It was between nine and ten o'clock before I reached Fulham, and found my way to Gower's Walk.
Both Laura and Marian came to the door to let me in. I think we had hardly known how close the tie was which bound us three together, until the evening came which united us again. We met as if we had been parted for months instead of for a few days only. Marian's face was sadly worn and anxious. I saw who had known all the danger and borne all the trouble in my absence the moment I looked at her. Laura's brighter looks and better spirits told me how carefully she had been spared all knowledge of the dreadful death at Welmingham, and of the true reason of our change of abode.
The stir of the removal seemed to have cheered and interested her. She only spoke of it as a happy thought of Marian's to surprise me on my return with the change from the close, noisy street to the pleasant neighbourhood of trees and fields and the river. She was full of projects for the future -- of the drawings she was to finish -- of the purchasers I had found in the country who were to buy them -- of the shillings and sixpences she had saved, till her purse was so heavy that she proudly asked me to weigh it in my own hand. The change for the better which had been wrought in her during the few days of my absence was a surprise to me for which I was quite unprepared -- and for all the unspeakable happiness of seeing it, I was indebted to Marian's courage and to Marian's love.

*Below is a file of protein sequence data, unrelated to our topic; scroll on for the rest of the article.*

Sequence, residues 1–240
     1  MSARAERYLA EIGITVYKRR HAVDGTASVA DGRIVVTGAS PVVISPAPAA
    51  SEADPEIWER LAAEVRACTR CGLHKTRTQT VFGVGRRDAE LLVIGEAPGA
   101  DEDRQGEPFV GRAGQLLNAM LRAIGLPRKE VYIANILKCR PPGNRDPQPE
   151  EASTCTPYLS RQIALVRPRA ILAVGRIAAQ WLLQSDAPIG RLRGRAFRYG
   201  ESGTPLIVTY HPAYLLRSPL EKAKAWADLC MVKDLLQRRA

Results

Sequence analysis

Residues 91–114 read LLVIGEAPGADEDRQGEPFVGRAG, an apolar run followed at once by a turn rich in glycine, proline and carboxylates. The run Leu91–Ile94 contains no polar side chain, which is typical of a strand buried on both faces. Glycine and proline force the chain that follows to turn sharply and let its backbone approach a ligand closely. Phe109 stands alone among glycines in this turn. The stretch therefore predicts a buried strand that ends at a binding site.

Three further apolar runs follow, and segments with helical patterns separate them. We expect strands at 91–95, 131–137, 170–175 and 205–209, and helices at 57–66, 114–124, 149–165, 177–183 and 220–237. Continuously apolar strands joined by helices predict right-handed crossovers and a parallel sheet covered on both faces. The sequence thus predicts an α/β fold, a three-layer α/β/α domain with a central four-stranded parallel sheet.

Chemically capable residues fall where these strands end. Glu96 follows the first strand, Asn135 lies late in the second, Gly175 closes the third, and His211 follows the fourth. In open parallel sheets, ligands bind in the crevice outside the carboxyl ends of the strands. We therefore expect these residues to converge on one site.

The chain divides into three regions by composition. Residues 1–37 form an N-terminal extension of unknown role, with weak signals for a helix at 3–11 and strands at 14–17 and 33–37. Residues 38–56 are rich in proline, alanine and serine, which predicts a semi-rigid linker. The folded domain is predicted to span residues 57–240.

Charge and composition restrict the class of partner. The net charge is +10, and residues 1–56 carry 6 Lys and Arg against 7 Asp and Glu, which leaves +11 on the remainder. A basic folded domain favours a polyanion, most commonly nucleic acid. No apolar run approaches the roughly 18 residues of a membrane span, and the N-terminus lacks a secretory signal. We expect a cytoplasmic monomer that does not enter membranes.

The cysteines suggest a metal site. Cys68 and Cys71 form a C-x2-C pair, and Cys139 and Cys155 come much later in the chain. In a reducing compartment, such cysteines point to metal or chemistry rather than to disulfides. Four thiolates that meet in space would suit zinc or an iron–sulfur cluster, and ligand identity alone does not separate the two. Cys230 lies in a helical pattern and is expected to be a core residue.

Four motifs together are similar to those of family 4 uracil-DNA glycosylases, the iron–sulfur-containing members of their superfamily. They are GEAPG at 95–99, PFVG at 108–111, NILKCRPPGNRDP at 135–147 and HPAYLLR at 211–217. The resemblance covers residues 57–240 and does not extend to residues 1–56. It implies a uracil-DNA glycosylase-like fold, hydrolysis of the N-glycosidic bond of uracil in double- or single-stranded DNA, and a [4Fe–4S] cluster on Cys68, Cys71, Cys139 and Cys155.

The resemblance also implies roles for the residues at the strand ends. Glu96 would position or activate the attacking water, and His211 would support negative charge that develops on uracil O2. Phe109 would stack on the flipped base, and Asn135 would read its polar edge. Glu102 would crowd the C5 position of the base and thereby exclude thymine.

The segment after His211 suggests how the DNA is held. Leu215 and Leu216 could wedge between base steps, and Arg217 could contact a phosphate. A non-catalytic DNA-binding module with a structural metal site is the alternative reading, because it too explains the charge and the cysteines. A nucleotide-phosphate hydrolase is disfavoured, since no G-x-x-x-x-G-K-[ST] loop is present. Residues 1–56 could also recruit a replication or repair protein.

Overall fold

When Laura had left us, and when we could speak to one another without restraint, I tried to give some expression to the gratitude and the admiration which filled my heart. But the generous creature would not wait to hear me. That sublime self-forgetfulness of women, which yields so much and asks so little, turned all her thoughts from herself to me.
`I had only a moment left before post-time,' she said, `or I should have written less abruptly. You look worn and weary, Walter. I am afraid my letter must have seriously alarmed you?'
`Only at first,' I replied. `My mind was quieted, Marian, by my trust in you. Was I right in attributing this sudden change of place to some threatened annoyance on the part of Count Fosco?'
`Perfectly right,' she said. `I saw him yesterday, and worse than that, Walter -- I spoke to him.'
`Spoke to him? Did he know where we lived? Did he come to the house?'
`He did. To the house -- but not upstairs. Laura never saw him -- Laura suspects nothing. I will tell you how it happened: the danger, I believe and hope, is over now. Yesterday, I was in the sitting-room, at our old lodgings. Laura was drawing at the table, and I was walking about and setting things to rights. I passed the window, and as I passed it, looked out into the street. There, on the opposite side of the way, I saw the Count, with a man talking to him --'
`Did he notice you at the window?'
`No -- at least, I thought not. I was too violently startled to be quite sure.'
`Who was the other man? A stranger?'
`Not a stranger, Walter. As soon as I could draw my breath again, I recognised him. He was the owner of the Lunatic Asylum.'
`Was the Count pointing out the house to him?'